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This code:

string[] files = {"test.txt", 
    "test2.txt", 
    "notes.txt", 
    "notes.doc", 
    "data.xml", 
    "test.xml", 
    "test.html", 
    "notes.txt", 
    "test.as"};

files.ToList().ForEach(f => Console.WriteLine(
    	f.Substring(
    		f.IndexOf('.') + 1, 
    		f.Length - f.IndexOf('.') - 1
    		)
    ));

produces this list:

txt
txt
txt
doc
xml
xml
html
txt
as

Is there some way to make f.IndexOf('.') a variable so that in more complex LINQ queries I have this defined in one place?

share|improve this question
    
As Greg Beech says, this is not LINQ. The example code is using a Lambda function. They have some overlap in functionality, but they're not the same things. – Will Hughes Nov 5 '09 at 11:58
    
And, in this concrete example, you could use the Substring overload which accepts only the substring start index (msdn.microsoft.com/en-us/library/hxthx5h6%28VS.80%29.aspx) and returns the rest of the string. – Groo Nov 5 '09 at 12:24
up vote 42 down vote accepted

If you were using Linq then you could use the let keyword to define an inline variable (the code posted in the question isn't actually using Linq).

var ext = from file in files
          let idx = f.LastIndexOf('.') + 1
          select file.Substring(idx);

However for the specific scenario you've posted I'd recommend using Path.GetExtension instead of parsing the string yourself (for example, your code will break if any of the files have a . in the file name).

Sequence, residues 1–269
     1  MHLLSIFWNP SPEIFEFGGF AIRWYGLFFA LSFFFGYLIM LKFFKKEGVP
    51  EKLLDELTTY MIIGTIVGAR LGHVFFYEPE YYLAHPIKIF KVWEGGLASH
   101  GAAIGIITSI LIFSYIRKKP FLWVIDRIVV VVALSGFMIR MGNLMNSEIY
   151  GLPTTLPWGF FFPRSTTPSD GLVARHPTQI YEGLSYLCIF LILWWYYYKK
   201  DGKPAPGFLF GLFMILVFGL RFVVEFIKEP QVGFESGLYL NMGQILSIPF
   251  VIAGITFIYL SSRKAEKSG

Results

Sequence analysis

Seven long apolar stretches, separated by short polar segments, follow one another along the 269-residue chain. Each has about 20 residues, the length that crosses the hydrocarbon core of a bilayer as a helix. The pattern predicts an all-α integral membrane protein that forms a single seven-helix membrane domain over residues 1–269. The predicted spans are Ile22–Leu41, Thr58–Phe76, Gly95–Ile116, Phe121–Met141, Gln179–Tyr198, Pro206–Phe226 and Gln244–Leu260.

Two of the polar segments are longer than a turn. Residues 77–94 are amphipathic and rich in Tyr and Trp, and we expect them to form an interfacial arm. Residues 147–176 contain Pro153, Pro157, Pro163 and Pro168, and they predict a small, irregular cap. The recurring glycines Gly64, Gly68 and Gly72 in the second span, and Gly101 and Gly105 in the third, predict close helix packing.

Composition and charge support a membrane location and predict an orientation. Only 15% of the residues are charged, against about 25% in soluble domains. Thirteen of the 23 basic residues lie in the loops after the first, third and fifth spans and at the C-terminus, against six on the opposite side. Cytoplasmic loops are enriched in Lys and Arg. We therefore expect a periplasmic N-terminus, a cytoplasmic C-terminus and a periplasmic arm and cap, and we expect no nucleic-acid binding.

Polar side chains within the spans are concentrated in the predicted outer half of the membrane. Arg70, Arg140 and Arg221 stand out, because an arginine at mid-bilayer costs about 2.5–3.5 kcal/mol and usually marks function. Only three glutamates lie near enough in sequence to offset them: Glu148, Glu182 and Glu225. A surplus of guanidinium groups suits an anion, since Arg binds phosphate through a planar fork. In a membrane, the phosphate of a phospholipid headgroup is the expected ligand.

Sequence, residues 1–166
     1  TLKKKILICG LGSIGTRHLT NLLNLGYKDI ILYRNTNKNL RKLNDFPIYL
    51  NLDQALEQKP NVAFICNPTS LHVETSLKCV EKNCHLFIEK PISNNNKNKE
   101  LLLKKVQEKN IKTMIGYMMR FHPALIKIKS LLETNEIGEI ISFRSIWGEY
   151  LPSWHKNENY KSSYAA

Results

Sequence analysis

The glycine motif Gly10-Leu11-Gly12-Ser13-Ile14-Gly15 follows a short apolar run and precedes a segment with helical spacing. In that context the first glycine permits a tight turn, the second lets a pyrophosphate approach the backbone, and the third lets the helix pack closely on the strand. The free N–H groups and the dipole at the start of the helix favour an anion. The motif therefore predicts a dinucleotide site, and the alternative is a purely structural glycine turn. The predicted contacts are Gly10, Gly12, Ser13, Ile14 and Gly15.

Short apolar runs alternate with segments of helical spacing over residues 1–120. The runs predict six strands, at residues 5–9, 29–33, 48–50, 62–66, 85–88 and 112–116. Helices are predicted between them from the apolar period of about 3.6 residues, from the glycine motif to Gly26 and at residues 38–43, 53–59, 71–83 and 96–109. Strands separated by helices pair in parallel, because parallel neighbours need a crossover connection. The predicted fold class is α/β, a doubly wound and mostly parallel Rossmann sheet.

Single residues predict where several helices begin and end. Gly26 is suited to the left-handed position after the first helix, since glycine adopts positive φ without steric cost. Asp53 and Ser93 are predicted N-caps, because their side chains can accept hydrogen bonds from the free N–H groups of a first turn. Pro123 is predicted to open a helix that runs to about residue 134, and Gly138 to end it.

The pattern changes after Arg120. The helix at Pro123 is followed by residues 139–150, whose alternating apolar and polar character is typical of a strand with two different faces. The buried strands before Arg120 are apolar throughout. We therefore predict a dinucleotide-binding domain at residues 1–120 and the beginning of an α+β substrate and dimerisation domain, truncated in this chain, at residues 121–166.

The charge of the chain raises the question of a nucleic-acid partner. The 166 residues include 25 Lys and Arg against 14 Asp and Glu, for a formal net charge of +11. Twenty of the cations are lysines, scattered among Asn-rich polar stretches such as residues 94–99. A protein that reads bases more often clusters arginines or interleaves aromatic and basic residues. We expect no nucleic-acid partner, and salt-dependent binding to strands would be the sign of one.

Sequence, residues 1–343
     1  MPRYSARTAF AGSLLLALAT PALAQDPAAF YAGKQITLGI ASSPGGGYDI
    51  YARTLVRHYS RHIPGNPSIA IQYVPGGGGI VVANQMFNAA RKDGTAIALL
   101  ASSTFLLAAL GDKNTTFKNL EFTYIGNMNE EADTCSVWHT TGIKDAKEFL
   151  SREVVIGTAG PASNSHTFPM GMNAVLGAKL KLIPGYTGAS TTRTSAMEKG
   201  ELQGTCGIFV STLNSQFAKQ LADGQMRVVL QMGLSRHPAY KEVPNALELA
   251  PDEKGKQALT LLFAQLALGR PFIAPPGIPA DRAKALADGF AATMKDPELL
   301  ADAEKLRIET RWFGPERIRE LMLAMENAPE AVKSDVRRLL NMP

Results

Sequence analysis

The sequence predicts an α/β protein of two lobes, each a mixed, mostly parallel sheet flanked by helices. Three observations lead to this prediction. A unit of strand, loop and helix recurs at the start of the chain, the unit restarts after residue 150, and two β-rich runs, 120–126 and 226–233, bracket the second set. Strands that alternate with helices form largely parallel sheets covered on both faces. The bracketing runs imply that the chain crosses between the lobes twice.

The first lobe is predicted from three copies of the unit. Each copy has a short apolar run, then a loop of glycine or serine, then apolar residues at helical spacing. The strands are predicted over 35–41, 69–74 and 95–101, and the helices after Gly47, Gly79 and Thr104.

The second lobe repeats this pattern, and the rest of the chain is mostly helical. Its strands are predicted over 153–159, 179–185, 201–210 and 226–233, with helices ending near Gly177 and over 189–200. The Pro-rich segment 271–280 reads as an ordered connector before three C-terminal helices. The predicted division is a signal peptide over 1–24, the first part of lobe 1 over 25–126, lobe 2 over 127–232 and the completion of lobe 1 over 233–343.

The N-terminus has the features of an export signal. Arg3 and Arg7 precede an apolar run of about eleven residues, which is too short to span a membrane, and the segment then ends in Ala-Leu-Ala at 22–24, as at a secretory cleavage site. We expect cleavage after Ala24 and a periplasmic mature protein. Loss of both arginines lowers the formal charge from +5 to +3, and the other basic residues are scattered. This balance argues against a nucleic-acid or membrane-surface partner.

var ext = from file in files select Path.GetExtension(file).TrimStart('.');
foreach (var e in ext)
{
    Console.WriteLine(e);
}
share|improve this answer

You could do this

files.ToList().ForEach(f => { var i = f.IndexOf('.'); 
   Console.WriteLine(f.Substring(i + 1, f.Length - i - 1));}
);
share|improve this answer

In LINQ it would look like this, (ignoring proper way of extracting filename extensions to mention "let"):

var q = from f in files
        let i = f.IndexOf('.')
        select f.Substring(i + 1, f.Length - i - 1);
foreach(f in q)
{
    Console.WriteLine(f);
}

Note that extensionless file names might create problems :)

share|improve this answer

If you don't want to use the from kind of syntax, you can do something similar with the Select method:

var extensions = files
        .Select(x => new { Name = x, Dot = x.IndexOf('.') + 1 })
        .Select(x => x.Name.Substring(x.Dot));

Although, like Greg, I would recommend using the Path.GetExtension method. And with methods, that could like like this:

var extensions = files
        .Select(x => Path.GetExtension(x));

And in this case I really think that is a lot easier to read than the suggested linq statements.


To write it to the console, you can do this:

extensions
    .ToList()
    .ForEach(Console.WriteLine);
share|improve this answer

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